Urban and rural birds: genetic differentiation and the process of urbanisation.

Lead Research Organisation: University of Sheffield
Department Name: Animal and Plant Sciences


Urban areas are often regarded as being of little importance for biodiversity, conservation effort instead being directed at rural habitats. However, urban habitats are occupied by many species, some of which live at higher density than in their traditional rural habitat. Despite the potential importance of the urban environment for wildlife, our knowledge of urban ecology is surprisingly poor; furthermore, we know little of the process through which a species makes the transition from being a rural species to an urban one. The aim of this project is to investigate how a typical urban bird, the blackbird, has become such a familiar species in towns and cities across much of Europe. The first objective will be to use historical records to trace in detail the blackbird's colonisation of urban areas across Europe since the earliest records in Germany in 1820 to the present day, when cities in NE and E Europe are still in the process of being colonised. The second objective is to obtain DNA samples from blackbirds in paired urban and rural samples along a transect from the earliest areas of colonisation to areas where urban occupation is currently occurring; we will then test alternative theories for the process of urbanisation by measuring the genetic similarity of blackbird populations in urban and rural habitats. Results of these analyses will enable us to determine whether urban blackbirds: (i) are simply rural blackbirds that have learnt to exploit the urban environment, (ii) have multiple origins, having adapted to the urban habitat from local rural populations, (iii) have a single origin, with subsequent spread into other urban areas by the dispersal of urban-adapted blackbirds from one city to another across Europe. The third objective is to investigate whether urban blackbirds differ from rural ones in either their morphology, their diet or their burdens of ticks, lice and blood parasites. Differences between urban and rural populations will be assessed in order to determine whether the selective pressures operating on blackbirds differ consistently between habitats.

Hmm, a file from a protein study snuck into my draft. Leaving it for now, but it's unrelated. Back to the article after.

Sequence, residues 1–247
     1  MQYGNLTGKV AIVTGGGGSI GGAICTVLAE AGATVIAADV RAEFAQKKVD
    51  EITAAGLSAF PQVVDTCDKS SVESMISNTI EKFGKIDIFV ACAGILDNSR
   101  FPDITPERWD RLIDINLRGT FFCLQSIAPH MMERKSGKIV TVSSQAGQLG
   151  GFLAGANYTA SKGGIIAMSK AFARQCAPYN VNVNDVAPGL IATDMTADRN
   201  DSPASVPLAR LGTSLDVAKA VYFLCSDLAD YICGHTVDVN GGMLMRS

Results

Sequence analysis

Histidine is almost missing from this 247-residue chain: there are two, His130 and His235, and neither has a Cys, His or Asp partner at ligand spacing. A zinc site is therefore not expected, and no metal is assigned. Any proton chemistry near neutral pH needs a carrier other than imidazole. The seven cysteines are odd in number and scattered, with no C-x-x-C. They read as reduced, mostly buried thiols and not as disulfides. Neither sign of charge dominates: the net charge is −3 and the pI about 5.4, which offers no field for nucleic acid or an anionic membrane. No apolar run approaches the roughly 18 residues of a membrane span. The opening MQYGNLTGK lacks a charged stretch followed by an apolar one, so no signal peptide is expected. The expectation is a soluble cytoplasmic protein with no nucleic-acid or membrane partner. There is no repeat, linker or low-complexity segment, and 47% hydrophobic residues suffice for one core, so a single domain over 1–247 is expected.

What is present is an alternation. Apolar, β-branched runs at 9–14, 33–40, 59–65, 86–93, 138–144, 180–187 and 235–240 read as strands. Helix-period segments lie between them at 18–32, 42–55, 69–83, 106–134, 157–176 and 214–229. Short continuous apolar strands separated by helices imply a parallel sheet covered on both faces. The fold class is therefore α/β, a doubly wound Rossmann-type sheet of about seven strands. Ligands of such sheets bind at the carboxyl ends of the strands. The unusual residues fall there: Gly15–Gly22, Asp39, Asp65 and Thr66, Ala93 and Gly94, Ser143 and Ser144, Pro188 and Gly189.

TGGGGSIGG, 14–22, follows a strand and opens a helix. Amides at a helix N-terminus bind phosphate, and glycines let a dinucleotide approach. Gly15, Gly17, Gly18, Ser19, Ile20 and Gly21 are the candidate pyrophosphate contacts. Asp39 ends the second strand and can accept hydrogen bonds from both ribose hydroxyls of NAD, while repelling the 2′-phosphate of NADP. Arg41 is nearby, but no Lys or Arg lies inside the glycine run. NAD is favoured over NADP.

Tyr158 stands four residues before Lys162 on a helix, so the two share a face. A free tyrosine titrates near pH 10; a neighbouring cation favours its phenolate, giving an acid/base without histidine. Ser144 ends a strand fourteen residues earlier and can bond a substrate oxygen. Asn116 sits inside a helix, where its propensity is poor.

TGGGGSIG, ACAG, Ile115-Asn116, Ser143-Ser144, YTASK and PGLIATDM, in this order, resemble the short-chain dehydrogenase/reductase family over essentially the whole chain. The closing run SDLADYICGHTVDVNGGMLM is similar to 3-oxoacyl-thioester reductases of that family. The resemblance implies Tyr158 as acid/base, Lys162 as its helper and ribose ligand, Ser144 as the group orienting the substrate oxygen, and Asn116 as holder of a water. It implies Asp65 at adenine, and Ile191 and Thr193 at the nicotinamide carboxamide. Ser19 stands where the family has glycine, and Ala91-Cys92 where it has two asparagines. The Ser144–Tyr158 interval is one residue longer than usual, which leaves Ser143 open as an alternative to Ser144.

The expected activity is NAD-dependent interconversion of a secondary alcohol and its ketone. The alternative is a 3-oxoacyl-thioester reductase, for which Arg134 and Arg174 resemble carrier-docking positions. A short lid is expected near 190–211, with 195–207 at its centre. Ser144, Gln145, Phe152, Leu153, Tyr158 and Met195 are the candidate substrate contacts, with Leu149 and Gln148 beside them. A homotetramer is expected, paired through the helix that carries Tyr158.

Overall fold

Description Rural and urban birds differ in many respects, including behaviorally, morphologically, ecologically and genetically. Comparisons across many urban centers reveal independent colonization of cities.
Exploitation Route Local adaptation is a key driver of biological invasions and is likely to apply in other contexts.
Sectors Education,Environment,Other

Description Scientific publications and meetings, media publications, broadcast interviews and educational presentations
First Year Of Impact 2009
Sector Education,Environment,Other
Impact Types Cultural